Instruments for Assessment of Cognitive Function for Children with Spinal Muscular Atrophy: A Targeted Literature Review


Clinical Management

Poster Number: S100


Omar Dabbous, MD, MPH, Novartis Gene Therapies, Inc., Farid Khan, MD, Novartis Gene Therapies, Inc., Kamal Benguerba, MD, Novartis Gene Therapies Switzerland GmbH, Sandra Reyna, MD, Novartis, Simon Pickard, PhD, College of Pharmacy University of Illinois - Chicago

Background: Spinal muscular atrophy (SMA) is a congenital motor neuron disease leading to progressive muscle weakness, disability, and in most severe cases without treatment, infantile death. While most studies focus on motor function, evaluating cognitive function in patients with SMA via validated instruments could elucidate SMA pathology and treatment effects.
Objective: We sought to identify and evaluate instruments used to assess cognitive function in children and adolescents with SMA.
Methods: We conducted a literature review of English-language original research publications in EMBASE and PubMed with the following criteria: patients with SMA types 1, 2 or 3; cognitive function assessed; no study design/time period restrictions. A structured data abstraction form included name of instrument, version, applicable age group, SMA type, content/domains, and findings.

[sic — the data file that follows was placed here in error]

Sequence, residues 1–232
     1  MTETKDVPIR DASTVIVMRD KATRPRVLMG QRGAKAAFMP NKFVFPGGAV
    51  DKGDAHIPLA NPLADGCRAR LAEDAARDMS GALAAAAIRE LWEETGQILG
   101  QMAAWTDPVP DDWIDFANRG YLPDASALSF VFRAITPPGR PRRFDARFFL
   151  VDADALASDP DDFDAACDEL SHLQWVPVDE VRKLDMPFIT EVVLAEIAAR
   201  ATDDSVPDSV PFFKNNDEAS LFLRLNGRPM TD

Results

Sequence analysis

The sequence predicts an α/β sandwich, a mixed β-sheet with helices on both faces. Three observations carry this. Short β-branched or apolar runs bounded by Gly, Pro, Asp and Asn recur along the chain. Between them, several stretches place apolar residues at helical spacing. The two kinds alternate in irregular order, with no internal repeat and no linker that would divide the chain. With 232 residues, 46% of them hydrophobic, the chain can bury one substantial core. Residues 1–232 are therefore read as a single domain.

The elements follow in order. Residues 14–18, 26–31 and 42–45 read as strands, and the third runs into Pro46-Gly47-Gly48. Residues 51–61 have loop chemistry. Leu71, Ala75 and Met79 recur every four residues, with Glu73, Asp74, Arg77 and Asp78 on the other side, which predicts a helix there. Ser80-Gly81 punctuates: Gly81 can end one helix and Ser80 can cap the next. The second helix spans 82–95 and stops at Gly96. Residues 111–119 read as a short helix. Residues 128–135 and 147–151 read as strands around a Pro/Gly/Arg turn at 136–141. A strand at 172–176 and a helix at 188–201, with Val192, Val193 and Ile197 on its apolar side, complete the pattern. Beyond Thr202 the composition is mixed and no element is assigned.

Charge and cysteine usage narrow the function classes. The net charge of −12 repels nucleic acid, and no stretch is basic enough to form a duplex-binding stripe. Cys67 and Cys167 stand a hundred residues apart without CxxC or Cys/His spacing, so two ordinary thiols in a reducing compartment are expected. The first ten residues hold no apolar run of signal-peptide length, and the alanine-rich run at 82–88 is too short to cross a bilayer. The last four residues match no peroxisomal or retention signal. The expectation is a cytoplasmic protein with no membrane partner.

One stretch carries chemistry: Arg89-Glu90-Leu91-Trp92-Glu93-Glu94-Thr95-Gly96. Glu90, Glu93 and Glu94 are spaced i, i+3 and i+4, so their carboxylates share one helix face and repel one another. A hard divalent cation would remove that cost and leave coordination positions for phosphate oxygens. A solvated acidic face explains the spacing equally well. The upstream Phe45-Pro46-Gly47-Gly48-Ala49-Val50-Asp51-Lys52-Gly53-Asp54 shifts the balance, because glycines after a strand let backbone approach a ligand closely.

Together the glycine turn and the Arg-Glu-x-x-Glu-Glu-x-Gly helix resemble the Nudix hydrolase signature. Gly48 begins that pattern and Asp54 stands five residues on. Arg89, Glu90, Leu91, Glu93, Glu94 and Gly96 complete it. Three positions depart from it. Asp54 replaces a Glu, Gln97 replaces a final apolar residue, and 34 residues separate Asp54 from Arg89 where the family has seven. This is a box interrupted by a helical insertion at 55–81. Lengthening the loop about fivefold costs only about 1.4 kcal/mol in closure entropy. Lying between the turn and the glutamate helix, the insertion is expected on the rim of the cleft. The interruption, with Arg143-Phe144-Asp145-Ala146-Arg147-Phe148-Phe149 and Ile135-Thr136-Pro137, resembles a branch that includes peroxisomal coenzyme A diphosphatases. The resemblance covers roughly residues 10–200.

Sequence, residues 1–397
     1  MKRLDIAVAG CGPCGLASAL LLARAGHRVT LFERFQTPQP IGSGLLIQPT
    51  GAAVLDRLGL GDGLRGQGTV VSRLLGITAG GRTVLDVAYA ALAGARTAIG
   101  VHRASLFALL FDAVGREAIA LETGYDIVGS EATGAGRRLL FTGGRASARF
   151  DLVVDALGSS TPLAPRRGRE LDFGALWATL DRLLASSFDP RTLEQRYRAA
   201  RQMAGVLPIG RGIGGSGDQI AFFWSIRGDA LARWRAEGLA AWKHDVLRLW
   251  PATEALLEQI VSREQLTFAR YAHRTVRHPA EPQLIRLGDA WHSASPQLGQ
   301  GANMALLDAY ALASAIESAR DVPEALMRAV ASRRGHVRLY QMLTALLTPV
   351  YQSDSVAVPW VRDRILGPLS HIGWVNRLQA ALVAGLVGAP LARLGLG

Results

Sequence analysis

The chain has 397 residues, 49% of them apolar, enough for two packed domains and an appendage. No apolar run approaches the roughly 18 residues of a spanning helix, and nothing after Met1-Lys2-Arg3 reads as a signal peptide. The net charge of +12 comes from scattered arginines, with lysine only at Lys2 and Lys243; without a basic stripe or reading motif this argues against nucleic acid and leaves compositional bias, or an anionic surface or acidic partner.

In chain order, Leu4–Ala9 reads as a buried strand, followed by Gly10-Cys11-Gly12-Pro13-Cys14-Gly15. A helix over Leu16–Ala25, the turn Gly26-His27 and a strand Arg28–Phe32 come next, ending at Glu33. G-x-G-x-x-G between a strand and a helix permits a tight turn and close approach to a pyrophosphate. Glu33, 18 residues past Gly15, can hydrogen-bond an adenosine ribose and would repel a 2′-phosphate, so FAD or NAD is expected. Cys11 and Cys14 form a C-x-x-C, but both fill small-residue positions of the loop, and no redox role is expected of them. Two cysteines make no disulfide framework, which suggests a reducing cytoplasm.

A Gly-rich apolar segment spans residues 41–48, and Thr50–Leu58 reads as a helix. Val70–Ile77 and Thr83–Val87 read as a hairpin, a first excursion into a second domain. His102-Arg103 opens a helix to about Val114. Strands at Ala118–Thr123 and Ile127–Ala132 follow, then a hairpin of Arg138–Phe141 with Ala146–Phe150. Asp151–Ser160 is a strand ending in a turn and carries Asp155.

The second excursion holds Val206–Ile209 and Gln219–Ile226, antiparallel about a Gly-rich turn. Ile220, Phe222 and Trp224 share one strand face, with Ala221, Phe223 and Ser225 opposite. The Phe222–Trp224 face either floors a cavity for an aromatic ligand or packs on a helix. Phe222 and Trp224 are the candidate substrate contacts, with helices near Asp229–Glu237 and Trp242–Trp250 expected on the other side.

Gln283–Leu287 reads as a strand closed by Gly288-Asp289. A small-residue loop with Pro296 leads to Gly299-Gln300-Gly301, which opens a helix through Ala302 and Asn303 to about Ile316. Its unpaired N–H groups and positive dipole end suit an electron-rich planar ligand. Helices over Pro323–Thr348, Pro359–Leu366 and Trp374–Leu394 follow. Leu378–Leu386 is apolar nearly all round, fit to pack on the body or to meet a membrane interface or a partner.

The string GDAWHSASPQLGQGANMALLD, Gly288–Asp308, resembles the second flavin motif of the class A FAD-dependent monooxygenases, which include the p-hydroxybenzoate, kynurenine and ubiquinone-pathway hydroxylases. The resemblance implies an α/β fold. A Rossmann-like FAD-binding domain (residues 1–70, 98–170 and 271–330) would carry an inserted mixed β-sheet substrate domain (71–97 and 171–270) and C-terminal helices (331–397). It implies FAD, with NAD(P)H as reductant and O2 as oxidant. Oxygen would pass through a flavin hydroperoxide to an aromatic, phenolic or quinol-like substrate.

Results: Of 1,549 unique records initially screened, 37 relevant papers and 28 instruments were identified. Commonly used instruments included the Wechsler Intelligence Scale (n=12 studies), Bayley Scales of Infant and Toddler Development (n=6), Child Behavior Checklist (n=5), as well as eye tracking devices, Pediatric Quality of Life Inventory, and Raven text (n=4 each). The domains assessed most often were language abilities (n=10) and memory (n=5). The majority of studies indicated that patients with SMA type 1 had impaired cognition measured using different tools with different endpoints. However, these studies did not compare findings for other SMA types, instruments were not consistently applied, and each instrument included domains unrelated to cognition as well.
Conclusions: Assessment of cognition in the first years of life, when the neural foundations of cognition are forming, is inherently challenging. While available instruments include domains related to cognitive function, no particular validated instrument is optimal for assessing cognition in patients with SMA. Development and validation of a new instrument for cognitive assessment tailored for patients with SMA may help address this unmet need.